Ledger Quarterly Update
2023-01 - 2023-03
- Entering the Voltaire phase -
CIP-1694 received a major update after participation in the design has expanded to
more and more people, including those who attended the Colorado workshop.
- Ledger CIP category -
The ledger team continues to embrace the CIP process, and has begun the process of
registering the ledger as an official CIP category.
- Ledger serialization -
A CIP for the ledger serialization deprecation cycle has been accepted.
Formal ledger model
Our new formal specifications backed by Agda have seen a lot of progress.
The majority of the ideas in CIP-1694 are now present, and we have made enough progress
that we can now safely say that the PDF produced by the Agda model will be the
official ledger specification for the Conway ledger era.
See the repository.
Conway ledger era
Progress on the Haskell implementation of CIP-1694 has gone hand in hand with the formal model.
The major component still missing is the DRep stake distribution, which still presents some
DRep stake distribution computation
Adding another large stake distribution to the ledger state must proceed with caution.
We do not want the memory used by the node to increase too much,
and performance problems can lead to reduced block production.
We have prototyped, tested, and benchmarked several approaches that could give us
the current DRep stake distribution at each epoch boundary.
This has very important implications, since we want every ADA holder to be able to at any
time (such as during a contentious vote) register themselves as a DRep and still have time
to vote themselves on the issue.
The ledger has made some wonderful improvements over the past six months,
but which entail a significant amount of integration efforts:
- Our new versioned CBOR schemes
- Individual deposit tracking
- An improved cross-era interface utilizing lenses
- A new ledger API
- Re-arranging the ledger stake in preparation for CIP-1694
- Versioning our Haskell packages
- Consistent conventions for variable names
Individual deposits (for stake credential and stake pool registrations) were not tracked by the ledger.
Deposits were returned according to the current protocol parameters.
When the values of these two protocol parameters change, the deposit pot
is adjusted by adding to, or removing from, the reserves.
This has several problems:
- Most people expect a deposit to be paid back exactly.
- We cannot increase the deposit amount once the reserves hits zero.
- If it becomes known that the deposit amount is going to be increased, free Lovelace can be earned by registering credentials.
- Because of the problems above, it is going to be incredibly hard to ever change the values.
- There is a serious issue involving hard forks.
The consensus layer makes the decision about whether or not to enact a hard fork based on
the protocol parameter update state two stability windows before the end of the epoch.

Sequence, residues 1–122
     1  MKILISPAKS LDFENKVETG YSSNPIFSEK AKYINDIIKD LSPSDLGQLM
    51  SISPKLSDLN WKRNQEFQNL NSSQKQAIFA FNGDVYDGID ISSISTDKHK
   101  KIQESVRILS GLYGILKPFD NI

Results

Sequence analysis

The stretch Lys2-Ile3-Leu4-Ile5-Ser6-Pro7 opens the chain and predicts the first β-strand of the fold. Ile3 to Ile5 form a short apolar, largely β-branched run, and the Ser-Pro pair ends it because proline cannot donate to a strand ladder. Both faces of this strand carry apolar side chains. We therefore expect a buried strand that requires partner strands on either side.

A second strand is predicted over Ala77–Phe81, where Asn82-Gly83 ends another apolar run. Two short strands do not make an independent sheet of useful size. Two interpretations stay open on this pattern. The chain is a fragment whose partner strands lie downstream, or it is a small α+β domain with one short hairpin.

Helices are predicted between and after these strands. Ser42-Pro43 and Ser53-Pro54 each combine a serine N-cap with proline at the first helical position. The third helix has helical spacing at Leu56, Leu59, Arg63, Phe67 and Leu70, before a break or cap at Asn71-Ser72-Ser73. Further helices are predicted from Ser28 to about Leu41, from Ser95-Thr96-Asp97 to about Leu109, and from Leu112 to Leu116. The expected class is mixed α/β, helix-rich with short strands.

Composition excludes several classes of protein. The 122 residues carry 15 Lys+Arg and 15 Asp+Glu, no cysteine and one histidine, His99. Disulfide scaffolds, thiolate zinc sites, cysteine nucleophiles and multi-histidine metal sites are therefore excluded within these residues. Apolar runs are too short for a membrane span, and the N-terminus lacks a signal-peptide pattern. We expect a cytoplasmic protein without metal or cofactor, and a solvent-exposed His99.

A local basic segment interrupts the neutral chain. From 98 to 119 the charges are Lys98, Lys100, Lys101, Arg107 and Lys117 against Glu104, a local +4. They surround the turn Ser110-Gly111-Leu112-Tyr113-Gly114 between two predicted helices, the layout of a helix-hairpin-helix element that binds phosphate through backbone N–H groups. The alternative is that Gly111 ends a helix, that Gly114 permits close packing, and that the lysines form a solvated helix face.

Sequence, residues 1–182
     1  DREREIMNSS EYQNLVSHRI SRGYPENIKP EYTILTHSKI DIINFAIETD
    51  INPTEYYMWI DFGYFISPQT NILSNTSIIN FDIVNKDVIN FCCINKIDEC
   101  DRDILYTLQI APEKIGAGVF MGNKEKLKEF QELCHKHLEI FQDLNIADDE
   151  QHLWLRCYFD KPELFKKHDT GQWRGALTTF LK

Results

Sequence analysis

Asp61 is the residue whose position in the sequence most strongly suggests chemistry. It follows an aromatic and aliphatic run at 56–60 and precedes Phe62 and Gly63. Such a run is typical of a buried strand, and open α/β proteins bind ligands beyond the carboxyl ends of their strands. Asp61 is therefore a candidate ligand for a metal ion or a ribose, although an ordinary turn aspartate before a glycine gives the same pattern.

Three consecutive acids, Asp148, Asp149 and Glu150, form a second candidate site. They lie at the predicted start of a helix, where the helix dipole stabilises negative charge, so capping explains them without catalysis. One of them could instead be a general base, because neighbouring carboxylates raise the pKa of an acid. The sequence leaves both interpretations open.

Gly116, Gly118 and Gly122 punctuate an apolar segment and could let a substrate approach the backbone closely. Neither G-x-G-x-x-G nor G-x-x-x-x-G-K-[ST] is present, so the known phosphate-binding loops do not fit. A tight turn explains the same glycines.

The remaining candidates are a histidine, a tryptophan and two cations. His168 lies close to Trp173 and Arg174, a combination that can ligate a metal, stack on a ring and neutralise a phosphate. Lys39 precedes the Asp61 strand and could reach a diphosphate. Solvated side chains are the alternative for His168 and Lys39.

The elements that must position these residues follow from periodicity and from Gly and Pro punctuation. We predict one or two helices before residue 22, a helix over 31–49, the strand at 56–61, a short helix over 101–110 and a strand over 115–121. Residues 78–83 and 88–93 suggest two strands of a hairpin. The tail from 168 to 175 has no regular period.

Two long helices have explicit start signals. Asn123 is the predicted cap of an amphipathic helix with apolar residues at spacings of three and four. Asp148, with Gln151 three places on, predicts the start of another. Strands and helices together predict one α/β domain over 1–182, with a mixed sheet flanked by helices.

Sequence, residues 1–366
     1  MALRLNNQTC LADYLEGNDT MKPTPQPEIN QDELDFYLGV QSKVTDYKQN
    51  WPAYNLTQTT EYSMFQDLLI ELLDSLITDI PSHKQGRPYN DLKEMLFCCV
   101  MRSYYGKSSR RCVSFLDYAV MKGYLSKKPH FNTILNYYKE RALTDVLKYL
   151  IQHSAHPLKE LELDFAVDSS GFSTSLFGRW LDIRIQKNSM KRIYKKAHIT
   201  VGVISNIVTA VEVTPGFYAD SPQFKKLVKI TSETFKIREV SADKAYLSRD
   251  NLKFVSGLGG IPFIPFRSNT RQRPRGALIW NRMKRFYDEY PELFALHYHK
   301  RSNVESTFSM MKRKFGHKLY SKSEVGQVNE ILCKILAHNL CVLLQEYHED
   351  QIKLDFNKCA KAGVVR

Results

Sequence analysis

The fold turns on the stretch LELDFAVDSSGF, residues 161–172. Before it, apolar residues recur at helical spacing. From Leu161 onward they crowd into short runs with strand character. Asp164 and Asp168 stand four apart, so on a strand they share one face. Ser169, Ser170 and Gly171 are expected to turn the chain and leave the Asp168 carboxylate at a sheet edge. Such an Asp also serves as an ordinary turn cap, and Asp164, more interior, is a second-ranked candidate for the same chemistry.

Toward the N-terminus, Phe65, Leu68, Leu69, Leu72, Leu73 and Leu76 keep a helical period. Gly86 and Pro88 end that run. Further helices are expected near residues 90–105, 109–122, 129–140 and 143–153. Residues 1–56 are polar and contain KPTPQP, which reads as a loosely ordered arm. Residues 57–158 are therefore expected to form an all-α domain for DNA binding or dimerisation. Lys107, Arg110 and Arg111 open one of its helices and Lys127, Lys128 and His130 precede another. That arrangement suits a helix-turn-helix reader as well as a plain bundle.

However, the ledger will reject a protocol parameter update on the epoch boundary
if the deposit pot adjustments cannot be reconciled with the reseve pot.
This means that if quorum is met regarding changing the major protocol version,
but the update is rejected on the epoch boundary, consensus will change the era but the
ledger will not change the major protocol version, leaving the ledger in a split-brain state.
Because we never actually changed the values of the two deposits amounts in the protocol parameters
on mainnet, we were able to retroactively change the behavior.
We made the following changes:
- Individual deposits are tracked in the
- The amount deposited is always returned.
New ledger API
We have significantly built up the ledger API.
We will eventually replace much of the
cardano-api in the node repository with this ledger API.
Our largest scale property tests generate an initial ledger state and a long sequence of valid blocks
which span several epochs, mimicking a real network.
These tests are, in theory, excellent for checking properties.
They are, however, very difficult to maintain and are not as random as we would like
(a lot of bias has to be introduced to keep the ledger state in enough order to keep generating blocks).
We have a new declaritive infrastructure for building constraint-based generators,
which instead generate a random ledger state representative of not just an initial state,
but also those representative of the end result of a long sequence of valid blocks.
Moreover, these generators are very fast and are much more random than our old generators.
Before we can start using them for our existing property tests, however, we still need to
expand them to generate a valid block for a given ledger state.
We continued to address technical debt as much as we can.
We fixed two critical issues:
- Growing block production delay on the epoch boundary: [pull-3209]
- Unexpected node shutdown from
- Conway spec -
Complete the first version of the conway formal specification.
- DRep stake distribution -
Have the ledger compute the DRep stake distribution with acceptible performance.
- Devnet ready -
Have the Haskell implementation of the conway era in sync with the formal specification,
and integrate the changes with consensus and node.
All the details might not be finalized, but the wire specification and the API should
be stable so that conway can be placed on a devnet for tool builders to start integrating with.
- Plutus V3 -
Integrate Plutus V3 into the ledger, including a new script context which supports DReps.
This quarterly report was based off of the following fortnightly ones: